In Class Exam #1

In Class Exam #2

Final Exam

1:30 PM MTh

Monday October 2

Thursday November 16

Friday, December 15 2:00 PM

3:00PM MTh

Monday October 2

Thursday November 16

Saturday, December 16 9:00 AM

There are no make-up exams scheduled.  If a medical emergency occurs, please prepare adequate documentation from the appropriate authorities.

The following tentative course outline gives the proposed order of topics for the course and the readings that will provide background for the lectures.

Tentative Course Outline

1.  Introduction to macroeconomics and review of microeconomics (supply and demand)

                                             chapters 1-3 Macroeconomics

2.    Measuring economic activity

                                             chapters 6 and 7 Macroeconomics

3.  Supply and demand in the labor market

                                             pp. 368-377  Macroeconomics

4.  Supply and demand in the loanable funds market

                                             chapter 9 Macroeconomics

5.    Aggregate supply and aggregate demand for goods and services: Classical and Keynesian foundations of aggregate supply and aggregate demand.

                                             chapters 10 and 11 Macroeconomics

Exam #1 tentatively scheduled for Monday October 2.

6.    Fiscal policy

                                             chapter 12 Macroeconomics

7.    Money and the banking system

                                             chapter 13 Macroeconomics

8.    Monetary Policy

                                             chapter 14 Macroeconomics

9.  The unemployment-inflation tradeoff and expectations - the Phillips Curve

                                             pp. 378-389 and chapter 16 Macroeconomics

10.  Stabilization policy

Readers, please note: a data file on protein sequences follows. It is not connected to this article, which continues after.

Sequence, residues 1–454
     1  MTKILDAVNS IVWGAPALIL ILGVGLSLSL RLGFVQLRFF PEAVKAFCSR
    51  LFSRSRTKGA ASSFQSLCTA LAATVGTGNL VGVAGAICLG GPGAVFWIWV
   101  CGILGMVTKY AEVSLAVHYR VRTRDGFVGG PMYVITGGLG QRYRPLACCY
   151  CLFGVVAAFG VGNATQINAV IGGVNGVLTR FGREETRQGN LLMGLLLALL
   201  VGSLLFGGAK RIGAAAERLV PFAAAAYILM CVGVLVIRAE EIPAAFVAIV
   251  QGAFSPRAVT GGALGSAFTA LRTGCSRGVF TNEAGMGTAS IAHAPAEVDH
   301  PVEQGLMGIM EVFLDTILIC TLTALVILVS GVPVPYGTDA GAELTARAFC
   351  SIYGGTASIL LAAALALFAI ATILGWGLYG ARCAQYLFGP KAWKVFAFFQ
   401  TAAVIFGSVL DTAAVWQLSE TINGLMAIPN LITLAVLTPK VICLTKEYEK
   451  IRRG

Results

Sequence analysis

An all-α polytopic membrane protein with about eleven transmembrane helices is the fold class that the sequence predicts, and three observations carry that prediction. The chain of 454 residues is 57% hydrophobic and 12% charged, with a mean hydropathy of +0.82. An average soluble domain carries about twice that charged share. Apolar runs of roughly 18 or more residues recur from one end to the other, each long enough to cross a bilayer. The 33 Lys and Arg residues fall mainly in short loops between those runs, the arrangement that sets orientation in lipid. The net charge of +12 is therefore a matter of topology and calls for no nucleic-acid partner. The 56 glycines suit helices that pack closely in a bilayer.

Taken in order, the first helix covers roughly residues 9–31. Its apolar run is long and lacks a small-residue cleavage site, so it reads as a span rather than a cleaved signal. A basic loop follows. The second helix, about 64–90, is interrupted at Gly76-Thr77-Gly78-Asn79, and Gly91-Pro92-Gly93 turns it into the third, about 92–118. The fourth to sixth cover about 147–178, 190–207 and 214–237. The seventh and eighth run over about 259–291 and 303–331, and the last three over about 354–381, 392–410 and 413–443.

class notes Macroeconomics

11.  Economic growth

                                             chapter  8 Macroeconomics

Exam #2 tentatively scheduled for Thursday November 16.

12.  The Great Depression and recent U.S. economic history

                                             pp. 142-144, 237-239,418-420, 245-246 Macroeconomics

13.  Models of the Business Cycle

                                             class notes  Macroeconomics                                                          

14.  Macroeconomic Policy Challenges

                                             chapter 16 Macroeconomics

15.  International trade

                                             chapter 18 Macroeconomics

16.  International finance

                                             chapter 19 Macroeconomics   


Final Exam

1:30 PM MTh

Friday, December 15 2:00 PM

3:00PM MTh

Saturday, December 16 9:00 AM

[1] By this, he does not mean that sociology is useless or boring.  Rather, I take it that he means that sociology is even more difficult than economics.  The greater difficulty of conducting crucial experiments and quantifying phenomena, two hallmarks of the "harder" sciences, make sociology even more challenging than economics.